sinner, de chief nruung ten thousand, and de
one altogedder ugly.
I hab heerd it se'd dat he war born a fcood
niany years ago, but 1 harly tink it is so long
as all dat comes to. It am a doutful pint at
de best. But dis am sartin. He got himself
bornd in dis county, and Ebensburg hab bin
hi3 place of stayment de Lor nozc how long.
He fus larnt to be a doctor, an then a lawyer.
But de principal posish he eber had was de
writer fur de Democrats an Senticles. ne
oilers were de inweterate enemy ob de cullud
man, fur he were a orful sinner, de chief
araung ten thousand, and de one altogedder
Breddern, de deeesthate a brack man like
a brack snake. He were bery fond ob de
abomible si3tem ob Slabery, bat he despise
do nigger clean out ob sight. He war de par
tickler friend ob de slabe-driber, and wrote
and print ebery ting in his favor. When de
nigger war dry, he wouldn't give him nufiin
to drink. When de nigger war hungry, he
would luff him starve. When de nigger war
naked an a shiverin in de cold, he wouldn't
give him his old cloze. An when de nigger
war runnin off from bi3 cruel master, or his
driber, de deceast wood radder ketch him an
take him back to de chains ob Slabery,' dan
help him git under de spreddin branches ob
de bressed tree ob Liberty. Whedder dis pe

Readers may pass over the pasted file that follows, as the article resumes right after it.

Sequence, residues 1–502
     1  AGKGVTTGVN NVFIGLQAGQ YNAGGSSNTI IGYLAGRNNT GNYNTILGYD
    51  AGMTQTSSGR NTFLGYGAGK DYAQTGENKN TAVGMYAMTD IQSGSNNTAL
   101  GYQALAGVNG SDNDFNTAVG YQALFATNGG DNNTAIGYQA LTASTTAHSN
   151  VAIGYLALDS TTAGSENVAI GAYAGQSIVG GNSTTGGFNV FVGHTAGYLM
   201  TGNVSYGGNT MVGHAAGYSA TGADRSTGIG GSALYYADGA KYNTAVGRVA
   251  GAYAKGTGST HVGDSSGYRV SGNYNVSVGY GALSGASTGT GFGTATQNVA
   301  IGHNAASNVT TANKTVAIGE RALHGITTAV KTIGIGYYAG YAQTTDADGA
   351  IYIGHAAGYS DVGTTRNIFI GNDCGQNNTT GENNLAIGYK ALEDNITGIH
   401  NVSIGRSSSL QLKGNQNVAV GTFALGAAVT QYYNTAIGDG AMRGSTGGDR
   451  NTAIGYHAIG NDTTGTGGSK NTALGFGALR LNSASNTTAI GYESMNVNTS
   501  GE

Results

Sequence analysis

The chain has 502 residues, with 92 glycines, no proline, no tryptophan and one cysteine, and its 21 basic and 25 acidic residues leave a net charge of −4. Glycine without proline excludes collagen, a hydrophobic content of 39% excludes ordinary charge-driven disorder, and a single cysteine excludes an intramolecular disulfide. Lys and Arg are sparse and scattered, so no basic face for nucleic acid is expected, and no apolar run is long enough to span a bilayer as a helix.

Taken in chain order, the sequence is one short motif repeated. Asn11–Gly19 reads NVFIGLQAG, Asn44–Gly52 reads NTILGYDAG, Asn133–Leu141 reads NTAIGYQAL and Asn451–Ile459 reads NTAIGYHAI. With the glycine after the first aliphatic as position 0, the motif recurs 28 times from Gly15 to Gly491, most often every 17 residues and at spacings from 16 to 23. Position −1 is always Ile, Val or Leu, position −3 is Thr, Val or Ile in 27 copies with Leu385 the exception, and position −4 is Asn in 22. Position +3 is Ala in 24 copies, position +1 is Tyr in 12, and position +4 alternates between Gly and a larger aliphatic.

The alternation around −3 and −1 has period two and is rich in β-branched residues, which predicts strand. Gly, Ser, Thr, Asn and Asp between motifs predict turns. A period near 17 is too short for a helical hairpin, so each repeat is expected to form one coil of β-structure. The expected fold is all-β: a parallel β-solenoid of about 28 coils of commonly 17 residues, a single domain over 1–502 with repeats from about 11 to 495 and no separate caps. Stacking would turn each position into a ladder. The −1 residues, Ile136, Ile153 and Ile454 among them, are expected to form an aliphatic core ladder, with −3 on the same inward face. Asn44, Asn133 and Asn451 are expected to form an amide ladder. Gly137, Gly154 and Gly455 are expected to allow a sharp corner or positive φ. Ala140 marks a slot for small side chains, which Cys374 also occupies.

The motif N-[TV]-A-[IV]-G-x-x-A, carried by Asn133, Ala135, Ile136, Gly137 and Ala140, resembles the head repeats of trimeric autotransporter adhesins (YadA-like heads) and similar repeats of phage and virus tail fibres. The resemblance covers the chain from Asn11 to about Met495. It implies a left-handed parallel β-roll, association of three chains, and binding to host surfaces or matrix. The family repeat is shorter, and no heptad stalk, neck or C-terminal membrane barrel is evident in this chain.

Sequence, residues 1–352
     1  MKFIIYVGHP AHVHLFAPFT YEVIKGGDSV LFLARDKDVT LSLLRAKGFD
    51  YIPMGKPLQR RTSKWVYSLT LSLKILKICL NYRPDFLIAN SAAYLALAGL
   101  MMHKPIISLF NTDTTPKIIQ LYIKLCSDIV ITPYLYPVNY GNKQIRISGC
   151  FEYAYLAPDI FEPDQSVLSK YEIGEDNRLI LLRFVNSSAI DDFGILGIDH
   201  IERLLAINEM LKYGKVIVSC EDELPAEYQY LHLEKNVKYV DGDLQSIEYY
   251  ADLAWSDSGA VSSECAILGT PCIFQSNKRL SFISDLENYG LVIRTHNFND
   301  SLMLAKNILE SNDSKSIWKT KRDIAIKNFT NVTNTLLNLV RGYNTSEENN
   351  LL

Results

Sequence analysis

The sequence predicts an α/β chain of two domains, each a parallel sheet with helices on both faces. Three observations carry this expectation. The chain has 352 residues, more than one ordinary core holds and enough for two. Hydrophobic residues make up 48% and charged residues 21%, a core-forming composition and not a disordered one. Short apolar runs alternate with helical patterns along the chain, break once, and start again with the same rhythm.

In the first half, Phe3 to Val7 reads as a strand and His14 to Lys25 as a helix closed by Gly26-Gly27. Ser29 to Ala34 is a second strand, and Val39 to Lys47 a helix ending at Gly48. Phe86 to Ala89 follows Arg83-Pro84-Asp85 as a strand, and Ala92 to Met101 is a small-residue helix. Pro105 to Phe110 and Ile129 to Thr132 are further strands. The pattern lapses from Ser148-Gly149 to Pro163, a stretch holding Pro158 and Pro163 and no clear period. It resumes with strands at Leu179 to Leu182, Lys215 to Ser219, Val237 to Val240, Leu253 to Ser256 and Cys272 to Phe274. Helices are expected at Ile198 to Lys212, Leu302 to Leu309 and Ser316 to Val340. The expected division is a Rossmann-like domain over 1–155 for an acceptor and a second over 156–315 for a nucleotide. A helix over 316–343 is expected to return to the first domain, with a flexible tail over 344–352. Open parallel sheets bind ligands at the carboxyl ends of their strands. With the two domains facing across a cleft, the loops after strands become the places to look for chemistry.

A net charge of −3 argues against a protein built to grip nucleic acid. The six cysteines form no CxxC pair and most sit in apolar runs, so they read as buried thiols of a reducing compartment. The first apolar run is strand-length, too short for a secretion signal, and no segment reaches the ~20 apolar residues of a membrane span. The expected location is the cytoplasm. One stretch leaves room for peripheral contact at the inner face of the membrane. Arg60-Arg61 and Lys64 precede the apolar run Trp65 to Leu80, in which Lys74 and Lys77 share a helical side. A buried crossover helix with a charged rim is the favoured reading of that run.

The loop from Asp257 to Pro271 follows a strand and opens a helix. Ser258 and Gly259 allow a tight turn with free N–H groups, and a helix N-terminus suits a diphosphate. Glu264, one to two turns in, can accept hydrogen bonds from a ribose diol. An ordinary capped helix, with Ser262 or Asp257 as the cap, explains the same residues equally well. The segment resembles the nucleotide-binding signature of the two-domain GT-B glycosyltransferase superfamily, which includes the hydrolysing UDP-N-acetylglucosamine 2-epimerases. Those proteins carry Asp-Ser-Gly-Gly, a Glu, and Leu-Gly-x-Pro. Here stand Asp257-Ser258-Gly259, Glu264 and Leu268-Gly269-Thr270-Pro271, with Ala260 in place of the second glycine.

cooliarity in de deceast was becos ob de col
or, or whedder becos ob de smell ob de brack
man, or de wool on de top ob his head dese
are eubjecks dat I will perseed not to discust.
Sich, den, is de caractur ob de deceast, he
bein at de same time drefful fond ob de in
tocksicatin bole. But prehaps de less sed
bout dat de better, for if he did hurt heself
at dat bizness, he war nebber cotched axin
any one else to
" Dox likewise."
By which affectin lines I mean dat he warn't
in de habit ob axin oder folks to take nothin
spiritule along wid him.
But I must commens to quit. My hart am
bery full, and it am clear to ray mind dat I
wont stop till I quit: Dereforc, breddern, I
hab kum to de kunklusion to perseed imme
jutly to kunklude dese fu breef remarks. De
end of de deceast ort to teach him a vallera
ble lesson, an at de same time it ort to be a
warnin to de rest ob mankind or enny udder
man. ne war 6trongly spected ob habin ces
sion perclibities, an de udder nite he onfortu
nitly fell into de hand ob a lot ob unrooly
niggers. Dey didn't gib him needer trile nor
jury, but weut an got a big Columbusdad gun
weighin bout sixty-four poundser. Dey im
mejutly loded him into de dig gun and shot
him out gin a big spruce stnmp. De result
war dat he got blowed all to smash. He sol
emly protest gin dis hole prosedin ; but we
hab dis happy rcfleckshun dat his latter end
was pieces. I will state in kunklusion dat de
deceast "was also bout half-shot before he got
put into de big gun.
Breddern, you will please quit laffin at dem
puns. Dis am no laflin matter. You will
perseed to move de karcus irumejutly, while
we sing de follern hime :
Wid rapture we
Delighted see
De cuss removed.